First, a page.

Ada Gay Griffin

Biography: Ada Gay Griffin is an African-American activist working in electronic media and film production. She was formerly executive director of Third World Newsreel and works to ensure a flourishing future for producers of color in progressive media. She studied art, political science, and black feminist writing at Hampshire College, where she studied the works of Audre Lorde. Griffin directed and produced Can’t Jail the Revolution and Break the Walls Down (1991), and developed Black in a Small Town, a documentary series that explored issues of race and class in semi-rural areas in the United States. In 1995 she co-directed A Litany for Survival: The Life and Work of Audre Lorde with Michelle Parkerson. She served as first assistant director on the drama Dead Man’s Shoes, which premiered at the 2005 Tribeca Film Festival.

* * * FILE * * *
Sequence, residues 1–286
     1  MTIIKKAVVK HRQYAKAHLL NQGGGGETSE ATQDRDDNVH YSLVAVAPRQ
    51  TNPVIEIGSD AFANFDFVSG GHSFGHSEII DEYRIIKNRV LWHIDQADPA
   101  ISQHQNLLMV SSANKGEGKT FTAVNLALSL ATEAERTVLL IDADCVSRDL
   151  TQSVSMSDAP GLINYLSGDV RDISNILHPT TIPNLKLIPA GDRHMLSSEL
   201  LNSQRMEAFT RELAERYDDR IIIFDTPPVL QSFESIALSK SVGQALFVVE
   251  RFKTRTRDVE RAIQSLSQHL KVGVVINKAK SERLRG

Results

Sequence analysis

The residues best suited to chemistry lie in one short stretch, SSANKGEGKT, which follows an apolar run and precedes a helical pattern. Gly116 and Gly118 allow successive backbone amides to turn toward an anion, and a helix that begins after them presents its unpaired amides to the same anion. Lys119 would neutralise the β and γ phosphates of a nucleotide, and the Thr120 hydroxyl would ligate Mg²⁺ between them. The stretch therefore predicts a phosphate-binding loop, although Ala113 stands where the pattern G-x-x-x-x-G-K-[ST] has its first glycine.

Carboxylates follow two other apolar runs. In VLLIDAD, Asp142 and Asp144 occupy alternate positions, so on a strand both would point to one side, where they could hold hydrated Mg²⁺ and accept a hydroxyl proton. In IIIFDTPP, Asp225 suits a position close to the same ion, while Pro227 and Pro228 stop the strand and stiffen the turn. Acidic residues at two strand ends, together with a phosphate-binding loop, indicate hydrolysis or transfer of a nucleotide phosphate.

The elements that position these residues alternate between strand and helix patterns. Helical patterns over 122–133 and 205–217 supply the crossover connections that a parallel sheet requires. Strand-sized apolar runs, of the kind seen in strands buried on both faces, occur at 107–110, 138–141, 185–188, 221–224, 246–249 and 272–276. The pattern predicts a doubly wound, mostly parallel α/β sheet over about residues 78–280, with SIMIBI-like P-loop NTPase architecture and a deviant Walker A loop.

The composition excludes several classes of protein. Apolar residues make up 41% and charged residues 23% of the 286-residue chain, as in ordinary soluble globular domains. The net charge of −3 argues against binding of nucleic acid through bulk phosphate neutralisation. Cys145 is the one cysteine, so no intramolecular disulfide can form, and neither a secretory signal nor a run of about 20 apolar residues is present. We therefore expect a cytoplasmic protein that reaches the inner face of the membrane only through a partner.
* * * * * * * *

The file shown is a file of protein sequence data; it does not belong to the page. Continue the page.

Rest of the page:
(Source: http://www.truelives.org/pg_alitanyforsurvival.html)

Films Shown in AFF, Inc. Programs:
A Litany for Survival: The Life and Work of Audre Lorde (1997 – Ada Gay Griffin, Michelle Parkerson).

Filmography:
Black in a Small Town (Date unknown);
Can’t Jail the Revolution and Break the Walls Down (1991);
A Litany for Survival: The Life and Work of Audre Lorde (1995 – Ada Gay Griffin, Michelle Parkerson);
Dead Man’s Shoes (2006).